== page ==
The AlGaInP alloy chosen for the active layer is determined by the color desired. For example, when x=0, the color of the LED is deep red, for x is from 0.3 to 0.4 the color is yellow, and green light is obtained when x is about 0.5. Preferably the resistivity of the transparent window is about an order of magnitude less than the resistivity of the active layers. There is a trade off between resistivity and thickness of the window. A lower resistivity means that the window can be thinner for a given current spreading. A thicker window costs more to grow, hence it is generally desirable to have a lower resistivity to minimize such costs.
As an example, a window layer of GaP approximately six micrometers thick and doped with magnesium to an acceptor level around 1×1018 cm-3 was epitaxially grown on a conventional double heterostructure AlGaInP light-emitting diode. Yellow lamps made from this material produced light output levels as high as 12 lumens/amp at 20 milliamps. Substantially identical lamps made without the GaP window layer produce light levels of only about 2.5 lumens/amp. When the electrically conductive, transparent window is made with a thickness of 15 micrometers, light output levels of about 25 lumens/amp are achieved. Thus, by adding a transparent electrically conductive semiconductor window, the light output performance can be increased from five to ten times the light output from a similar LED without such a window.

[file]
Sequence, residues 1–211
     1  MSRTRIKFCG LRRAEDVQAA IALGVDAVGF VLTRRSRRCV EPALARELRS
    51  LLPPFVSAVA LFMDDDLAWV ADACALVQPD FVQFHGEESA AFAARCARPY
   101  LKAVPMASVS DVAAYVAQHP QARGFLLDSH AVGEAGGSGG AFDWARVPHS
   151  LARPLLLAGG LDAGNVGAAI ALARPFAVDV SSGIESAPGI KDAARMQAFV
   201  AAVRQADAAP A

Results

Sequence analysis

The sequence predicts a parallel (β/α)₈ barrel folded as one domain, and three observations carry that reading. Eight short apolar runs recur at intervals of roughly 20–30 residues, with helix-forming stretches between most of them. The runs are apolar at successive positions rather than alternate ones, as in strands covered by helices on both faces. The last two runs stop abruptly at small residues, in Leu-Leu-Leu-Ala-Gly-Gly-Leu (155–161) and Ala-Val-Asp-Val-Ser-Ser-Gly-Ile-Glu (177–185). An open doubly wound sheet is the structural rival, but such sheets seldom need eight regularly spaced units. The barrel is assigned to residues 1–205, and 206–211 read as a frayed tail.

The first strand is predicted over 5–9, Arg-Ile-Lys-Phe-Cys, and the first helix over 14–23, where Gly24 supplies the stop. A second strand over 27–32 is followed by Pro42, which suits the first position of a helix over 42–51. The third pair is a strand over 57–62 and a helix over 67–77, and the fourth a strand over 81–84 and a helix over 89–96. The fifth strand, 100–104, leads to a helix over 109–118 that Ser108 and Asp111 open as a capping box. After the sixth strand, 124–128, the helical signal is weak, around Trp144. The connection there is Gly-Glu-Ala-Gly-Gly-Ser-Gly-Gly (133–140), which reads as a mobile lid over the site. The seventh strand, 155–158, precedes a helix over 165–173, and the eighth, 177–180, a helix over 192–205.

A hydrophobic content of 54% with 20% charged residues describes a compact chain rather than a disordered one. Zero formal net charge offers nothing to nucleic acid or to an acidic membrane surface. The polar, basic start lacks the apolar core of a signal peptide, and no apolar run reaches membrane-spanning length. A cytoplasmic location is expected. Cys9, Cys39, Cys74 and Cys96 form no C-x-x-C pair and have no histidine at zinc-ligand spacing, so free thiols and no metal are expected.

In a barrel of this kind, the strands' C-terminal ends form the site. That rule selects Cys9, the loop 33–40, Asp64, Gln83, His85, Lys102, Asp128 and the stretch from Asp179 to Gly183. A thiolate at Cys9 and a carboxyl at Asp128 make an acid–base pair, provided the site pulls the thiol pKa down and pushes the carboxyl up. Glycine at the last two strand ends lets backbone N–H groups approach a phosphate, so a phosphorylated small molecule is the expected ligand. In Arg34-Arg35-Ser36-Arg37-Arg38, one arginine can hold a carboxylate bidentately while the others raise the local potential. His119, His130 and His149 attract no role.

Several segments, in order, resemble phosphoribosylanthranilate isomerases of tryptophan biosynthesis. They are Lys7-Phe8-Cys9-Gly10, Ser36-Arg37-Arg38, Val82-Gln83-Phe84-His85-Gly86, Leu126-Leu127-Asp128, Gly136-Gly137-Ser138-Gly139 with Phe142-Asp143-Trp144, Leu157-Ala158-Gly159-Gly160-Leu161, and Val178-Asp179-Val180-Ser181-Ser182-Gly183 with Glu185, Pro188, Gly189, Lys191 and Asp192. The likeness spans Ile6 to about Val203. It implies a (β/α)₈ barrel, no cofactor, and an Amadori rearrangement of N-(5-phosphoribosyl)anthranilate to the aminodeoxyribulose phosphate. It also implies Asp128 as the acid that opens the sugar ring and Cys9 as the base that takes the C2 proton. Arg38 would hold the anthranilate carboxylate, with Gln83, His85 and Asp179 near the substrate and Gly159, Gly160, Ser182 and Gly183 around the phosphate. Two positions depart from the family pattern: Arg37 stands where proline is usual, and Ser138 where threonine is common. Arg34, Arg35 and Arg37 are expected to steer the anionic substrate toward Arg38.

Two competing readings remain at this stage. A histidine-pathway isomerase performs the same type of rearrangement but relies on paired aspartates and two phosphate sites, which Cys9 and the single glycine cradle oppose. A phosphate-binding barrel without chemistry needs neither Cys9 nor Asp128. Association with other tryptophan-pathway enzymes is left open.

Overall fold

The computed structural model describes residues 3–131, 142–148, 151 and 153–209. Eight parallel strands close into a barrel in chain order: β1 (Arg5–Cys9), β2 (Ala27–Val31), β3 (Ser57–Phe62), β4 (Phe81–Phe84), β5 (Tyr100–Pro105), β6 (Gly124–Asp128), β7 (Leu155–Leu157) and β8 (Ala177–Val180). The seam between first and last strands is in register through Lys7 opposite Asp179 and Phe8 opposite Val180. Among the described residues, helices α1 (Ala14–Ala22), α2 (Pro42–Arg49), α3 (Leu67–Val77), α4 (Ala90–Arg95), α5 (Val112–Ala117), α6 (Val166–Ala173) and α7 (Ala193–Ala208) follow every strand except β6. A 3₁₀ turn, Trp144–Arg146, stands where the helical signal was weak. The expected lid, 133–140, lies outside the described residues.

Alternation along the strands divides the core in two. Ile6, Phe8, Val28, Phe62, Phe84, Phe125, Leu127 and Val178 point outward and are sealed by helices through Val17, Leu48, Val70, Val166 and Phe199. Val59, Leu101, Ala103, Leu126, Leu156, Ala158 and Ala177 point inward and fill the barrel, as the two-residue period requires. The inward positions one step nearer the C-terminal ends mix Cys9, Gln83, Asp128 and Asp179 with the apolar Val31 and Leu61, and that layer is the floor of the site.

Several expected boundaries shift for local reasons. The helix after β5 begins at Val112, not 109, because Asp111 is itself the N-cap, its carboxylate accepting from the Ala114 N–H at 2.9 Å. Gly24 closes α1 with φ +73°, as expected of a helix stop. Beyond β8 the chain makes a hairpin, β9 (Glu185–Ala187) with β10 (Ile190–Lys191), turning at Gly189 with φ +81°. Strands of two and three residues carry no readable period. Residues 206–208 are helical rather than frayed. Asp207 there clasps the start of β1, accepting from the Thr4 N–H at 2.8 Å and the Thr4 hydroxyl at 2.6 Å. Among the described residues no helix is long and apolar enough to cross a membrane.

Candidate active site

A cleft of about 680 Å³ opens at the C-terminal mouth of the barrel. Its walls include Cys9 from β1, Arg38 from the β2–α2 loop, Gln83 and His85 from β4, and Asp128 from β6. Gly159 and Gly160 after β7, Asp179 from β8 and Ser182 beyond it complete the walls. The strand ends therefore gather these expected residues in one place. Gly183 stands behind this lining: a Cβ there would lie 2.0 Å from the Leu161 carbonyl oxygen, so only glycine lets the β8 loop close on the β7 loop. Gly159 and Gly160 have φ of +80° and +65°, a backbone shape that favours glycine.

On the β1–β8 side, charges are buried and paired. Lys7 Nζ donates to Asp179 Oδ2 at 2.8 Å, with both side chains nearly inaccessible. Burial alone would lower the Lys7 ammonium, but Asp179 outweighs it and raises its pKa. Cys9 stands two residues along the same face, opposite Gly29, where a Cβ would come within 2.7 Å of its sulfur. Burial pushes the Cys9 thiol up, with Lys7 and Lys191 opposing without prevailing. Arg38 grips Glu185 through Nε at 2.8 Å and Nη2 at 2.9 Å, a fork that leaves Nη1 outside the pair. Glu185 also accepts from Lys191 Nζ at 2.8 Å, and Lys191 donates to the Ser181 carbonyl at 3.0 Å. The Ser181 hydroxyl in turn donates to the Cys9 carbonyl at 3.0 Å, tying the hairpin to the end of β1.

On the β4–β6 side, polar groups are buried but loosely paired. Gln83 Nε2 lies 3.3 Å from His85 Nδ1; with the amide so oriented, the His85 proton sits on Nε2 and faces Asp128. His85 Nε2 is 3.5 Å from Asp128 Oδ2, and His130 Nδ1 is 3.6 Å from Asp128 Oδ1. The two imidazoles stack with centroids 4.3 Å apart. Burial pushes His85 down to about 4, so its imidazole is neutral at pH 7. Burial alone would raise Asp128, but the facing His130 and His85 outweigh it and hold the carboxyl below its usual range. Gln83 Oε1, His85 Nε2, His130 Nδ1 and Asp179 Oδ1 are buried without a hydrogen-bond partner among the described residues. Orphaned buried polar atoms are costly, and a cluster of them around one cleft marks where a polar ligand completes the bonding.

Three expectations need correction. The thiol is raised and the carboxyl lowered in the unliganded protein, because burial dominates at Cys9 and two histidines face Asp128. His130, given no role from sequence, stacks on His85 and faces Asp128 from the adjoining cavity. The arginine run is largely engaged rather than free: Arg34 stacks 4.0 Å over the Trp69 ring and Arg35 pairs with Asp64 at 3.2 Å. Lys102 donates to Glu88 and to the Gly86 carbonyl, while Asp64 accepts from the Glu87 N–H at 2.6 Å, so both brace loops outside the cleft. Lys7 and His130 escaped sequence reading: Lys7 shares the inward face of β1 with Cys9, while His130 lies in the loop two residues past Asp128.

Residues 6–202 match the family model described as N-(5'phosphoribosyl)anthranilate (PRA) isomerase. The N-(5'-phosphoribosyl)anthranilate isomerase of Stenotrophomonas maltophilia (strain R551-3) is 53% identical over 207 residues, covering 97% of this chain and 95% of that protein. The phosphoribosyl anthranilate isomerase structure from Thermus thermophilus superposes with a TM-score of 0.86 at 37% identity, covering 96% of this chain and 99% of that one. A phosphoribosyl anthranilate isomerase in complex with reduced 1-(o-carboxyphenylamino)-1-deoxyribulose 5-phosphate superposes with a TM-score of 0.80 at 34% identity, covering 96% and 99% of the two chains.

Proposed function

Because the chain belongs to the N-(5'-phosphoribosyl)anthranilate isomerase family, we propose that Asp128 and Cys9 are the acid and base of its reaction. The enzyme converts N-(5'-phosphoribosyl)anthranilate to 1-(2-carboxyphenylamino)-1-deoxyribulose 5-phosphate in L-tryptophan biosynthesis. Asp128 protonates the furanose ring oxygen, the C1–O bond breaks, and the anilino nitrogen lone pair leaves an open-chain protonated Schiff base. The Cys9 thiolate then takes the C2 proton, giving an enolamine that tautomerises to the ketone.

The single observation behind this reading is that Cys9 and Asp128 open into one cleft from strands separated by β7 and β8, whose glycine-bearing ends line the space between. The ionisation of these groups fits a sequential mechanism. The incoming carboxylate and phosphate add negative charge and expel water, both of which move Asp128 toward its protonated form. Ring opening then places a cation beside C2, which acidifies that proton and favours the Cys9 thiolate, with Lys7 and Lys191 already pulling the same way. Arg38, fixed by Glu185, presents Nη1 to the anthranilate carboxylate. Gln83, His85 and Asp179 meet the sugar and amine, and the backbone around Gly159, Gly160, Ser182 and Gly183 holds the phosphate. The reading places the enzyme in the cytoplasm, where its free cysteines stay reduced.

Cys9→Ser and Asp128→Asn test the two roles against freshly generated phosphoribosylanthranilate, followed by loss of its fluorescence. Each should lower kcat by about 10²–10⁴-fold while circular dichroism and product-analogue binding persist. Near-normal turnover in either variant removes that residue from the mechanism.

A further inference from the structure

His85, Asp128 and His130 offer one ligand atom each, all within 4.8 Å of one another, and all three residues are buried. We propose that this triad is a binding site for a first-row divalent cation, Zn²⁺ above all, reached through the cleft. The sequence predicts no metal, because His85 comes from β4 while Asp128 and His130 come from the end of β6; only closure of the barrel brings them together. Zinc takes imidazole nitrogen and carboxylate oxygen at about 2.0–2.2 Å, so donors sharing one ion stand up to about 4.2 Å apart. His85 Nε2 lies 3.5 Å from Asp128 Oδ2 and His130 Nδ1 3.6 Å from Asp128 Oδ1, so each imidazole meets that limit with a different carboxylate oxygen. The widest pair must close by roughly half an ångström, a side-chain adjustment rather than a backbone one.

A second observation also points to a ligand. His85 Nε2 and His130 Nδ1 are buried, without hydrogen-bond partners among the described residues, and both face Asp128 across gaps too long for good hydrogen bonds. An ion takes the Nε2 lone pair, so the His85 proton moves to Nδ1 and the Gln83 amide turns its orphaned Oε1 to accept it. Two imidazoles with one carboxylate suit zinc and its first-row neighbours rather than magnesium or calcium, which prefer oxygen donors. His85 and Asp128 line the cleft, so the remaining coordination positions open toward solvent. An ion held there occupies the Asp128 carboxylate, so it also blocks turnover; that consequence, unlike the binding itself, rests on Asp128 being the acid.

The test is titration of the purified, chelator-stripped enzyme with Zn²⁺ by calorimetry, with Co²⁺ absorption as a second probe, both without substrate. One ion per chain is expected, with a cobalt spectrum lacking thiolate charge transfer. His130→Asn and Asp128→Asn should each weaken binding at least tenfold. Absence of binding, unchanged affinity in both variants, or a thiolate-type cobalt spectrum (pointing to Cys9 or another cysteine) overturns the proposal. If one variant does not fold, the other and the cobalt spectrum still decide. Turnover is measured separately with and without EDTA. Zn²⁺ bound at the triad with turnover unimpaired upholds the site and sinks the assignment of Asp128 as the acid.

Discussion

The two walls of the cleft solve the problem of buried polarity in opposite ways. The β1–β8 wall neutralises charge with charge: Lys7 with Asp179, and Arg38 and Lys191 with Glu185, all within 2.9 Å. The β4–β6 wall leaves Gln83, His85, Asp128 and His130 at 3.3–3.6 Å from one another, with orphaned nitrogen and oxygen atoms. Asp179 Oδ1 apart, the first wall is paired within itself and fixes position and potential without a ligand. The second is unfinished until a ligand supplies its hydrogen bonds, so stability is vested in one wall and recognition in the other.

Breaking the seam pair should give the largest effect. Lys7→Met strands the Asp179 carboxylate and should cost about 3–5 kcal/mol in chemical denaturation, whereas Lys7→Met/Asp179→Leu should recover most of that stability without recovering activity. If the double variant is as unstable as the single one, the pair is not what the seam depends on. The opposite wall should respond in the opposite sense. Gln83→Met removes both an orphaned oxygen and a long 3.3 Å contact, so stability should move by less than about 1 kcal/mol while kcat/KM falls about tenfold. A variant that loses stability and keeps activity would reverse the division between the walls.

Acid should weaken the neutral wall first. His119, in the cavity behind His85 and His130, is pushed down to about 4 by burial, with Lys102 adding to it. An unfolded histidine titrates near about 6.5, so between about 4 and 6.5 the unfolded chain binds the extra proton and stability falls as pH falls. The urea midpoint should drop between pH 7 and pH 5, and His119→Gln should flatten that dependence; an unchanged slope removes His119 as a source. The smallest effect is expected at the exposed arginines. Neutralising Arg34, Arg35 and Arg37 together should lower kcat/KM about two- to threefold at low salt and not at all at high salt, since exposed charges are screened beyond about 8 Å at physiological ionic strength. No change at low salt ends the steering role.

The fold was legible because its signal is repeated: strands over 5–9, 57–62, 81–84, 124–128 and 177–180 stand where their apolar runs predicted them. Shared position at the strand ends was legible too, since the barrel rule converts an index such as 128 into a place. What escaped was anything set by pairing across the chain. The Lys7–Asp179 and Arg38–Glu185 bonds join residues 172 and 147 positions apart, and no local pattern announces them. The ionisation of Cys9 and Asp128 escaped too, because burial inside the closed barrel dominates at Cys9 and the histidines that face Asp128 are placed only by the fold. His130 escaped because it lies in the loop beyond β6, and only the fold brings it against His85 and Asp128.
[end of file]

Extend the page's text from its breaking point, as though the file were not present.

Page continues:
Such a window has a resistivity of about 0.05 ohm-centimeter, whereas the top confining layer of such an LED has a resistivity of about 0.5 ohm-centimeter.
The device described has a substrate of GaAs, which is opaque to light in the visible region. The GaAs substrate is employed since AlGaInP can be epitaxially grown on the GaAs substrate with lattice matching over a continuous range of composition between the ternary end points of GaInP and AlInP. Since the GaAs substrate is opaque, it precludes the possibility of collecting light that is emitted out of the back of the active layers.